Knee Meniscus Injury

What Is It?

The menisci are cartilaginous structures that fill the space between the femur (the large bone of the upper thigh) and the tibia (the shin bone). There is a lateral meniscus on the outside of the knee and a medial meniscus on the inside of the knee and they are both attached to the tibia. Menisci act as shock absorbers in the knee joint. They are often referred to as cartilage, but this is inaccurate. Specific movements or positions of the knee will stress either the lateral or the medial meniscus. If these movements are taken to the extreme of the range the affected meniscus may be damaged or torn.

How It Happens
Meniscal injuries can happen in a variety of different settings. These injuries are common amongst the athletic population especially if the athlete is involved in a contact sport such as soccer and football. Wrestling is also a sport that commonly produces meniscal injuries since the athletes are often in a low stance or a crouch position. Meniscal injuries also commonly occur with occupations such as mining and carpet laying where the worker will spend a large amount of time in the squat position.

The following symptoms are common findings after a meniscal injury:

  • Sudden onset of pain: type of pain associated with "giving way" in the joint
  • Knee joint will often lock when the leg is almost straight; often the patient will try to wiggle the leg back and forth to unlock the knee
  • Intermittent buckling and clicking of the knee for no apparent reason
  • Chronic or intermittent swelling
  • Walking with a bent knee or a pointed foot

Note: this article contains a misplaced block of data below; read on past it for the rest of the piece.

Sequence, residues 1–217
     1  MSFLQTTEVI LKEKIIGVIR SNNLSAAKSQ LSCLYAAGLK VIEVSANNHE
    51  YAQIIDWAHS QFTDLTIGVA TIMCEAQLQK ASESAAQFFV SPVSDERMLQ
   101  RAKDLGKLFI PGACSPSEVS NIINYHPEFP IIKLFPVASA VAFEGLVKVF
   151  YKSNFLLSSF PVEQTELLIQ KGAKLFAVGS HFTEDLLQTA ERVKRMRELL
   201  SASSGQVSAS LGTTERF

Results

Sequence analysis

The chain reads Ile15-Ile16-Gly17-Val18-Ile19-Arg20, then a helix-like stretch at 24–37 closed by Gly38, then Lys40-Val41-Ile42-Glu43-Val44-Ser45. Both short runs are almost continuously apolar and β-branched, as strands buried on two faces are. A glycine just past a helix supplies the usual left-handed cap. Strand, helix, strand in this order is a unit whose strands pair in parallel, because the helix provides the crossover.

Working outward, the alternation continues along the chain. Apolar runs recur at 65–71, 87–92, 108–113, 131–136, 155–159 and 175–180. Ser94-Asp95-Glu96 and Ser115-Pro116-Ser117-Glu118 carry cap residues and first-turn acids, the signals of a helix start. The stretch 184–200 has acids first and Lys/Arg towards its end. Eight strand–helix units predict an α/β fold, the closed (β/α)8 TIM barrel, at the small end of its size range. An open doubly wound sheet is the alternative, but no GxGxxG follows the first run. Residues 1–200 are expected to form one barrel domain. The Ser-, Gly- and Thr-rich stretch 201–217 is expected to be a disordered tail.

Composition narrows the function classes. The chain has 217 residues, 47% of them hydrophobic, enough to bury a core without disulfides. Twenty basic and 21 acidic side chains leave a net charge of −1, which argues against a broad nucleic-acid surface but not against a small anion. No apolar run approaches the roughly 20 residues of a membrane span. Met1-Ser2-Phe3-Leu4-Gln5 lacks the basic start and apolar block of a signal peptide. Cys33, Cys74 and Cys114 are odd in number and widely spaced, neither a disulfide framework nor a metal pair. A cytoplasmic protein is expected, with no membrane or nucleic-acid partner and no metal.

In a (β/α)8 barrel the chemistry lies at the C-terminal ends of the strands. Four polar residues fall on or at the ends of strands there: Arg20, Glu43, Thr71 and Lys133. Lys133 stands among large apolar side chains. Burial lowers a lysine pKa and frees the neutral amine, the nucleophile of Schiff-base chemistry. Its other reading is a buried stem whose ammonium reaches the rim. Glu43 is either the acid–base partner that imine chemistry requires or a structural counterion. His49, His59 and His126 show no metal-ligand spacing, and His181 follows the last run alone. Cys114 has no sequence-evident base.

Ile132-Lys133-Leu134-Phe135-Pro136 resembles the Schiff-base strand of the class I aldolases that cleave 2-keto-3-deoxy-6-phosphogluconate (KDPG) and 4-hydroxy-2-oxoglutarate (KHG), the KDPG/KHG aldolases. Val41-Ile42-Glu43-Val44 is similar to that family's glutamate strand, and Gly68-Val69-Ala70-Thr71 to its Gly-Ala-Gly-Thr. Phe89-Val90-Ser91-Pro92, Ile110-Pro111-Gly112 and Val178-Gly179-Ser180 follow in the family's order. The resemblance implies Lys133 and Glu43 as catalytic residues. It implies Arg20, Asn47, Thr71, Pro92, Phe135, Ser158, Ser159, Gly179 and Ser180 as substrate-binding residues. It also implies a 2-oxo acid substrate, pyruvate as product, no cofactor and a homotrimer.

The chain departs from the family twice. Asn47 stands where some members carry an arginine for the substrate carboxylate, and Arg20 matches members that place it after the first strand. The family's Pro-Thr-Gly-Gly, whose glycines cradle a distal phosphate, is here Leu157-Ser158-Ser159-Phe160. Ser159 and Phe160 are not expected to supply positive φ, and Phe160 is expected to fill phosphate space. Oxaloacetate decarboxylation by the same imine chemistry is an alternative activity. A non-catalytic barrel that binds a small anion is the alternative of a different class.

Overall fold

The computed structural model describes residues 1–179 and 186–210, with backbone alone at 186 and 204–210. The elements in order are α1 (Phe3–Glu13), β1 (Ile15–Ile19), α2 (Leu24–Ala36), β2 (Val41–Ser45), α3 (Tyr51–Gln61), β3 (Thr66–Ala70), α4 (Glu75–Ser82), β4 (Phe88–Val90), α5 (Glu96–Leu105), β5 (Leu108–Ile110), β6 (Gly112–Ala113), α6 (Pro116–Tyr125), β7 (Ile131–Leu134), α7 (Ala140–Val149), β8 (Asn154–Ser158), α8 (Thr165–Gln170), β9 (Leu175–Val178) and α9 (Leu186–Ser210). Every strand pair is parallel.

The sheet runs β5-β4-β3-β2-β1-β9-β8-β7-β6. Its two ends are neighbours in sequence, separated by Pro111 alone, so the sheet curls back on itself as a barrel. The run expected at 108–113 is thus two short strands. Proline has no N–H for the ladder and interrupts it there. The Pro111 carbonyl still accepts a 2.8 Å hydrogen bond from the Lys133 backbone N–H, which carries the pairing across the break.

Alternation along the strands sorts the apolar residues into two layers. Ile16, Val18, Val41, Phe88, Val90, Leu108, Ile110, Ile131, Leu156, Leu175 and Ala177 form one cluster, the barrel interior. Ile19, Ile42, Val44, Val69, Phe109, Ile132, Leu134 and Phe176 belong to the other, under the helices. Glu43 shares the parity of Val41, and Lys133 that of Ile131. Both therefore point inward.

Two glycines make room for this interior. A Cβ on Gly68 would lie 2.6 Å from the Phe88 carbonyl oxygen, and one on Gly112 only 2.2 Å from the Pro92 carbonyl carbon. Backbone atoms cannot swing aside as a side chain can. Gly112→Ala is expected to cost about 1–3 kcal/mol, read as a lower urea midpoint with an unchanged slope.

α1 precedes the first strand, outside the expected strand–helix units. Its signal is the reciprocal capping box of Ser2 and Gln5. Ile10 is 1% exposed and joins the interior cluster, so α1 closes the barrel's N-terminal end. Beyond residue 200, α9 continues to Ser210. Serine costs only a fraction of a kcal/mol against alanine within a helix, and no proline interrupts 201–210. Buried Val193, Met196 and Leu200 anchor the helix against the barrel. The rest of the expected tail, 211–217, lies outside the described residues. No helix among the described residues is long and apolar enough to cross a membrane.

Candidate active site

• If there is bruising and swelling with severe generalized pain within minutes of the injury, this often indicates there is also a tear of a ligament within the knee joint
MRI and arthrograms are used to visualize tears in the menisci. Menisci are not visible on x-rays.
What Causes It?

The most common position of injury for the medial meniscus is to have the knee bent with the lower leg faced into rotation away from the midline of the body. The medial meniscus may also be injured with the leg straight and the lower leg forced to rotate towards the midline of the body. In some cases the medial meniscus may be torn with forced bending of the knee or forced straightening of the knee without any accompanying rotation. It is also possible to injure the medial meniscus while twisting on a semi-bent knee for example the squatting position.

The lateral meniscus is most often inured during full weight bearing with the knee bent excessively.

What Should You Do?
Following a meniscal injury it is important to try and control the swelling. An ice pack applied to the knee for 10 – 15 minutes will help to decrease the inflammation and as a result the pain and swelling will also decrease. It is also important to avoid the activities that aggravate the symptoms; perform movement only within a pain-free range of motion.
Will Physiotherapy Help Me?

Meniscal injuries may or may not require surgical repair. In either case the physiotherapist will initially concentrate on reducing the swelling, inflammation and pain in the knee. The physiotherapist has a variety of different modalities that are indicated to help reduce the inflammatory process and pain. Once the inflammation in the knee is under control it will be important to strengthen the muscles surrounding the knee. The physiotherapist is skilled in progressing the exercises appropriately in order to decrease the chance of a re-injury.

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